10 Movies to Watch This Black History Month
Share this Article
Movies about Black culture often focus on well-known historical events like the enslavement of Africans and the civil rights movement. However, films that depict Black joy and everyday life are equally important.
Black history includes many lived experiences, from the seemingly mundane to the monumental. Historic Black movies broaden our collective understanding of Black experiences, portraying stories about the complex day-to-day lives of Black people.
These must-see movies inform our understanding of Black history and culture.
Top 10 Black History Month Movies
Summer of Soul (...or, When the Revolution Could Not Be Televised) (PG-13)
Ahmir "Questlove" Thompson's filmmaking debut is a smash hit. The documentary "Summer of Soul" takes us back to the 1969 Harlem Cultural Festival. The festival celebrated Black culture, fashion, and history at a time when Black civil rights were challenged nationwide.
With a musical and historical focus, the film showcases footage from the event not previously shown. "Summer of Soul" received many awards for its portrayal of Black culture, including an Oscar for Best Documentary Feature.
The documentary reminds viewers of the power of music and the connections it offers. As a foundational element — and added bonus — performances by many of the best Black artists are highlighted in their festival appearances. Concert moments by Gladys Knight & the Pips, Stevie Wonder, Nina Simone, and many others grace the screen of this monumental film.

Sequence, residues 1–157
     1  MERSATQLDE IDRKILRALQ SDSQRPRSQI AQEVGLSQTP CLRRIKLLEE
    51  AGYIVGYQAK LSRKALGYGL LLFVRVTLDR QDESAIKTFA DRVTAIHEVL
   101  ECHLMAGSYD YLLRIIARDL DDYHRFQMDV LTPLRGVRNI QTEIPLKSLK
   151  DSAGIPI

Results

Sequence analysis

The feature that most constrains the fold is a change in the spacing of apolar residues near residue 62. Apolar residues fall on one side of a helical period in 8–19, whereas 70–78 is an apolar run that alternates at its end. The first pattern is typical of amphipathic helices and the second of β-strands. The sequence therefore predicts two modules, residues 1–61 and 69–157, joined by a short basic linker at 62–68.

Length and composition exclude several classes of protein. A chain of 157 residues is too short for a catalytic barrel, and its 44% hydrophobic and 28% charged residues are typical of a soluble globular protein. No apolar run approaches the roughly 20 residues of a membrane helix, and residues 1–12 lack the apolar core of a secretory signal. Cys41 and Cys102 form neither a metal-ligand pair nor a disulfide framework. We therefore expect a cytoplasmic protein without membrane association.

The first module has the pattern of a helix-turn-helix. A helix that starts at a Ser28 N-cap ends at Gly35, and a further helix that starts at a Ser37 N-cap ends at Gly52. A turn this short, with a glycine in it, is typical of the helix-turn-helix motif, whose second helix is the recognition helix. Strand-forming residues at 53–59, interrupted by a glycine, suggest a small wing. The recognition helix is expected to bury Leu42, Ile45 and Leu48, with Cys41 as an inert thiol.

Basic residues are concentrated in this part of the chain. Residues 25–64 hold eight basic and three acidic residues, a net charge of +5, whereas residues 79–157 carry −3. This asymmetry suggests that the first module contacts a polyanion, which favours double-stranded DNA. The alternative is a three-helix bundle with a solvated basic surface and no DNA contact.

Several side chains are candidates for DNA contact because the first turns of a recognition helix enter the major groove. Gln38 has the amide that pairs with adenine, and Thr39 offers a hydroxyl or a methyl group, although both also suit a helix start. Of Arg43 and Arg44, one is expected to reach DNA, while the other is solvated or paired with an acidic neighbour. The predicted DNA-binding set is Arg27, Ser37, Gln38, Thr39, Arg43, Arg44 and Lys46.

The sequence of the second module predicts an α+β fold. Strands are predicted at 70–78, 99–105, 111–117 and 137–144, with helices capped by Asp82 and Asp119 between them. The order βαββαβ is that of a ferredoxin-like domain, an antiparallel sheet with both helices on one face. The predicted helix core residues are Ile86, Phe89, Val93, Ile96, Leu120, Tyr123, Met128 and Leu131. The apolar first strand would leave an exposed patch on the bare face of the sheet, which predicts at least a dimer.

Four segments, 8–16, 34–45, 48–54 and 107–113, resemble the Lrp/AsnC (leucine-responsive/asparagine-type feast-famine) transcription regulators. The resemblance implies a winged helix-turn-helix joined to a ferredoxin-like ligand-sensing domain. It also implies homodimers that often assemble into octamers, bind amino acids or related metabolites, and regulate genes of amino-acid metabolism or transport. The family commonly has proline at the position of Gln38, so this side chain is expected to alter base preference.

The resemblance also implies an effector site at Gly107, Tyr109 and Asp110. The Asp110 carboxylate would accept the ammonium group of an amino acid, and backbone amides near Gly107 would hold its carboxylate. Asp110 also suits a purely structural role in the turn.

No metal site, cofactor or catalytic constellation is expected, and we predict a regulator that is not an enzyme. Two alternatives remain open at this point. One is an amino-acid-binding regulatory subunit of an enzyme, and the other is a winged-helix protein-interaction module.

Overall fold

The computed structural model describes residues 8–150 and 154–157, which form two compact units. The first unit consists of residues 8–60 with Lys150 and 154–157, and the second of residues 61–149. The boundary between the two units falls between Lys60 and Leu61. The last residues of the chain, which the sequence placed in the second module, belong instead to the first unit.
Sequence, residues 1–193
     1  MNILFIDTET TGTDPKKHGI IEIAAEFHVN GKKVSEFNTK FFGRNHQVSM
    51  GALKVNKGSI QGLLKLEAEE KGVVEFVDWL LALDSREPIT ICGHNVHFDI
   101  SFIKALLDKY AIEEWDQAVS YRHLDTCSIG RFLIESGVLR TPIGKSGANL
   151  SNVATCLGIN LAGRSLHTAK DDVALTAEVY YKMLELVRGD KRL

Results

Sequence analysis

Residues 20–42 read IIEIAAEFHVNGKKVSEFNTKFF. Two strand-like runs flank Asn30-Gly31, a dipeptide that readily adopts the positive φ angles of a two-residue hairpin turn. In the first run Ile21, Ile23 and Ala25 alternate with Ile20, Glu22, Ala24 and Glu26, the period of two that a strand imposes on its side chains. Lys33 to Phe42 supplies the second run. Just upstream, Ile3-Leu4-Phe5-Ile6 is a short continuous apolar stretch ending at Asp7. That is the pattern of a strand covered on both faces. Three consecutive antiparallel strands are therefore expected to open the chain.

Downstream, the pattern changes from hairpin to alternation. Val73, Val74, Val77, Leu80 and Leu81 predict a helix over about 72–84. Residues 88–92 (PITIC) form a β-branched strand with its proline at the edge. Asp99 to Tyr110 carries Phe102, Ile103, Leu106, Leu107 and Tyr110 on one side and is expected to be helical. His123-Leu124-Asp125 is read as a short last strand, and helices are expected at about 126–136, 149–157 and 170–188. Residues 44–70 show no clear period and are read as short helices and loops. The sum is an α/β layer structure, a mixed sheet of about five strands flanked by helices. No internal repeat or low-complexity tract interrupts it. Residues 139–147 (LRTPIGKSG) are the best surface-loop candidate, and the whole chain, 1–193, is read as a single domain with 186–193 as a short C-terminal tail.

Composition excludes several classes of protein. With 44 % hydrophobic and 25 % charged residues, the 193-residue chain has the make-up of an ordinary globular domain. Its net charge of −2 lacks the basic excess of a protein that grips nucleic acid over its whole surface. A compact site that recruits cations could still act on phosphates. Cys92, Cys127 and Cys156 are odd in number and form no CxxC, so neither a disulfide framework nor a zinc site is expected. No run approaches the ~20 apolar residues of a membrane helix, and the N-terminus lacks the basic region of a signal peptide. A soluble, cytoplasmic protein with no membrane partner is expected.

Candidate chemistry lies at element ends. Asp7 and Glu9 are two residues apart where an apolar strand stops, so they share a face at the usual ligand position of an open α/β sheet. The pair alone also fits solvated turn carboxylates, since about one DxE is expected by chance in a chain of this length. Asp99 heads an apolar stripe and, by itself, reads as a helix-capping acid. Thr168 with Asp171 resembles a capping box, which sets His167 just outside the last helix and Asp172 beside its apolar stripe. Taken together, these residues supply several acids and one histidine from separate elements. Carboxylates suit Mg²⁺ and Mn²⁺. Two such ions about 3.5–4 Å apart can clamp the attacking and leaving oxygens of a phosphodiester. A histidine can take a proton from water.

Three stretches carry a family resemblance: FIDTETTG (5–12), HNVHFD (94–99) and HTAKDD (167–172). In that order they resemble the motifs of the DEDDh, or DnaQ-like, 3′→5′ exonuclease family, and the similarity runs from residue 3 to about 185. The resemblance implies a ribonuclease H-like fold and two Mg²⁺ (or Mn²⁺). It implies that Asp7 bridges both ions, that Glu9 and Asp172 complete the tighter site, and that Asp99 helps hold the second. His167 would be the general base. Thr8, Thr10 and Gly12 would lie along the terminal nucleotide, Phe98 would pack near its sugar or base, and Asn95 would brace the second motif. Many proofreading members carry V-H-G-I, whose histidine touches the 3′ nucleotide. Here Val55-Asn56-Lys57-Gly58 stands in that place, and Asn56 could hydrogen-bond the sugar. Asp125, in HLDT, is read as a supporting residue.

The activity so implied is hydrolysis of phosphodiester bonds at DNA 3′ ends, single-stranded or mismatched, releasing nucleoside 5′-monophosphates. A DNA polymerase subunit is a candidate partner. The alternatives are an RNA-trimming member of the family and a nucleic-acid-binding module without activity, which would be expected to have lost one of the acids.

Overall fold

Judas and the Black Messiah (R)
Director Shaka King brings us a powerful rendition of a true story set in the late-1960s. The film dramaticizes William O'Neal's infiltration of the Illinois Black Panther Party and the fallout that ensued.
Offered a plea deal by J. Edgar Hoover and the FBI, O'Neal must decide whether to take down Fred Hampton — chairman of the Black Panther Party — or hold true to the relationships he built within the party.
King makes the true yet painful events worth watching even as the storyline unfolds a dangerous sequence of events. Daniel Kaluuya and LaKeith Stanfield's powerhouse performances show why "Judas and the Black Messiah" tops awards lists nationwide.
The film "13th" tells the origin story of the modern prison industrial complex in the United States. Starting from the country's inception, director Ava DuVernay examines the history of racial inequality in the U.S.
The documentary is called "13th" in reference to the 13th Amendment, which made slavery and involuntary servitude illegal — except as a criminal punishment. The movie illuminates how federal systems used the 13th Amendment's exception to build an incarceration system that disproportionately impacts Black people.
DuVernay exposes the modern prison system as a continuation of Black people's enforced servitude. The movie dispels the myth that slavery in the U.S. ended in the 1800s and highlights the ongoing effects of systemically racist practices.
The Hate U Give (PG-13)
"The Hate U Give" tackles the topic of police brutality in the United States. The Black community is disproportionately the target of police violence in America. Although "The Hate U Give" tells a fictional story, the film looks into the very real consequences of state-sanctioned violence.
Based on Angie Thomas' young adult novel, "The Hate U Give" follows Starr Carter as she code-switches to fit in at home and at her predominantly white prep school. After a police officer kills her best friend, Starr steps into her power and speaks up for herself and her community.